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Money & Rights

Go contactless- safely

Contactless payments are now widespread, but how safe are they? Asks Marianne curphey

If you've received a new card from your bank recently, you'll notice it had a contactless symbol on one edge. this applies to credit cards as well as debit cards, and means you can use your card at certain kiosks just by tapping your card against the terminal,, without the need to key in your pin number.

Contactless payments are now widely accepted in shops, coffee shops, transport hubs and other retailers. However, not all terminals that accept card payments have moved over to contactless technology yet, so you may still have to input a PIN number in some shops, even if you have a contactless card. Although this makes transactions quicker and easier, not everyone likes the idea of a card that can be used without any need to identification.

Here we look at how they work and how to use them safely.

Contactless payments on the increase

In the UK, the number of contactless debit cards has continued to grow strongly. Most banks now provide contactless cards as standard. According to data reported to the UK Cards Association, the number of contactless debit cards had grown to 73 million, accounting for 67 percent of all contactless card in the UK. Currently 73 percent of debit cards in circulation are now contactless, up from 61 percent only a year ago.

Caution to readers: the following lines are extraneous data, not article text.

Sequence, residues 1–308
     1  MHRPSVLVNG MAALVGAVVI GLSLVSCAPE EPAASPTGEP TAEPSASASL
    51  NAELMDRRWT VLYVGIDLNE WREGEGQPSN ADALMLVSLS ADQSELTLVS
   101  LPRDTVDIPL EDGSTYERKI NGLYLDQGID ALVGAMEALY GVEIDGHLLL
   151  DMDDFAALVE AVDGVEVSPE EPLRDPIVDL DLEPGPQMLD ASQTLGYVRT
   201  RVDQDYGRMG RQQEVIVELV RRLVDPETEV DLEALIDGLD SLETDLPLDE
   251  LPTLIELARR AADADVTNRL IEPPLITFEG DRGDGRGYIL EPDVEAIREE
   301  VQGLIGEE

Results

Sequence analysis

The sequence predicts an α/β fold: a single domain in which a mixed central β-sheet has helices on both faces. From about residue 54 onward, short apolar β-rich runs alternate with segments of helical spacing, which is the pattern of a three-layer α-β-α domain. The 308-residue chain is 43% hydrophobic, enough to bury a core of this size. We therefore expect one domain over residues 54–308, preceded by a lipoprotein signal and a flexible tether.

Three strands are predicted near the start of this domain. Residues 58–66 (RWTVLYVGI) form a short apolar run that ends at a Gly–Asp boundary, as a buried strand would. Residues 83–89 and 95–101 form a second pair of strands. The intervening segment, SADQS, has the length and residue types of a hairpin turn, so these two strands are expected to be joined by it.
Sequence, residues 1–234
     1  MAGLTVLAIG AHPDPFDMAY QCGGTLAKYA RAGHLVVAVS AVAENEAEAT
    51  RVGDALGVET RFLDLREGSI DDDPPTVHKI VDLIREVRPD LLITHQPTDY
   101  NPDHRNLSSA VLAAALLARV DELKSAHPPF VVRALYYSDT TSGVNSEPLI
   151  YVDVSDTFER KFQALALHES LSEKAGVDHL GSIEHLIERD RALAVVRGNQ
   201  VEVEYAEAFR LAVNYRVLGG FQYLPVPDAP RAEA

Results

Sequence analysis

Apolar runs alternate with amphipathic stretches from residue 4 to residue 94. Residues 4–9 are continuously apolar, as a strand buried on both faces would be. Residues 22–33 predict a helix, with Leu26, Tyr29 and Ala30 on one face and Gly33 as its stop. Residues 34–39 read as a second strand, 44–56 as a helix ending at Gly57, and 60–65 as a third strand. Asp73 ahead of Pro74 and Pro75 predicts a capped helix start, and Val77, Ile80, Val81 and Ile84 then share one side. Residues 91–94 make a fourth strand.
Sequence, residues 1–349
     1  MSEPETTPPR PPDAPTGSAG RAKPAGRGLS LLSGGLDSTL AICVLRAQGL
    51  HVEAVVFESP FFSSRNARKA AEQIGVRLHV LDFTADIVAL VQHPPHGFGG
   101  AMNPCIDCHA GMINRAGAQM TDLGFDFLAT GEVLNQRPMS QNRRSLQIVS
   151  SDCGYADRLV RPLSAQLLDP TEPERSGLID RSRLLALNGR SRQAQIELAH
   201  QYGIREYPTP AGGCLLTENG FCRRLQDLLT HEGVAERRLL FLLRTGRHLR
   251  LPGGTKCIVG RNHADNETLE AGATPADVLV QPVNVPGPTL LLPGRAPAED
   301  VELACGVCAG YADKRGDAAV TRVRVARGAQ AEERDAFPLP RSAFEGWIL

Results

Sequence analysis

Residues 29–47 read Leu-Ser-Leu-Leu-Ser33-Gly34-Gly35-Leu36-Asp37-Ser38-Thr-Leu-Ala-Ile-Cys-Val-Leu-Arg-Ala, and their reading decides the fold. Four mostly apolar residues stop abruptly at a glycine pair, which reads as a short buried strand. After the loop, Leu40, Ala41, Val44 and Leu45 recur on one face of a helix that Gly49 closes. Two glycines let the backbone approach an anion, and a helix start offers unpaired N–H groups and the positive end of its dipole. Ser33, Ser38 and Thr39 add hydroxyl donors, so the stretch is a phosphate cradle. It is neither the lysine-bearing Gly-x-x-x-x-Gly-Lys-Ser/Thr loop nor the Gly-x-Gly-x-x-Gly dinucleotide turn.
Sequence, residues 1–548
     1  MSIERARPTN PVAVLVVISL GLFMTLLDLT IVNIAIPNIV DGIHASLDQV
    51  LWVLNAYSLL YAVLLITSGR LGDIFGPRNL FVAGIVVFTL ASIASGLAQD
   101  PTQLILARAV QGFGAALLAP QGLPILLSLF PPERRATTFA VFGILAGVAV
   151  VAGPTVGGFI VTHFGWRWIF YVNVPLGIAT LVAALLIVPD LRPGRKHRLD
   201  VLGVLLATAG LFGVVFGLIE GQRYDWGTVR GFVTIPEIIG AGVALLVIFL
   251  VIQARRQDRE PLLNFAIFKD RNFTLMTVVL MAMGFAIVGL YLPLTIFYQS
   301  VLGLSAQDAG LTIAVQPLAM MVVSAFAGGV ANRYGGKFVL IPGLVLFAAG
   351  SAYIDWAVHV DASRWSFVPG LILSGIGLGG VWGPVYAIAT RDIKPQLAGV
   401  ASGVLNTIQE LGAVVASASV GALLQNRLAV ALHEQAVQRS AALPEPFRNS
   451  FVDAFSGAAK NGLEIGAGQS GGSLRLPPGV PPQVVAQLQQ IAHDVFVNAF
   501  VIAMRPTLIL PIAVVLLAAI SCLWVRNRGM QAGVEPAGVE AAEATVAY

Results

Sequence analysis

Spending limits

You can use contactless for purchases costing £30 and less; more than £30 and you will still have to use your PIN. Not every shop or other retail outlet will have upgraded to contactless terminals, so you might have to put your card into the terminal and key in a PIN number even if you have a new contactless card.

It's not jst your credit or debit card which you can use without a PIN number. Contactless payments are becoming increasingly common on a range of devices including: Pre paid, debit, charge and credit cards, key fobs, wearable devices and mobile devices.

How do they work?

The contactless device contains an antenna so that hen it is touched against a contactless terminal, it securely transmits purchase information. This is the case for all types of contactless payment, including smart phones. You don't need to activate your contactless card. The technology is buolt in your debit or credit card is ready to use as soon as you have signed it.

What are banks doing to protect us?

Banks and card companies use complex software which builds neural networks around credit and debit card spending to try to distinguish between fraud and genuine spending, says Martin Warwick, security expert with data analytics company FICO.

Sophisticated computer programmes look for patters in the way you use your card.

"If you visit three or four ATMs in a row, that would flag up as suspicious and would score highly, and the bank would most likely contact you," he adds.

Each customer had their own 'behaviour profile' which is updated with every transaction and enables your spending behaviour to be analysed and modelled. Any usual transaction will be flagged up and the software will send an alert to question whether someone other than you is using your card. That might mean your card is declined in a shop, or you receive a call from your bank asking if you have your card in your possession.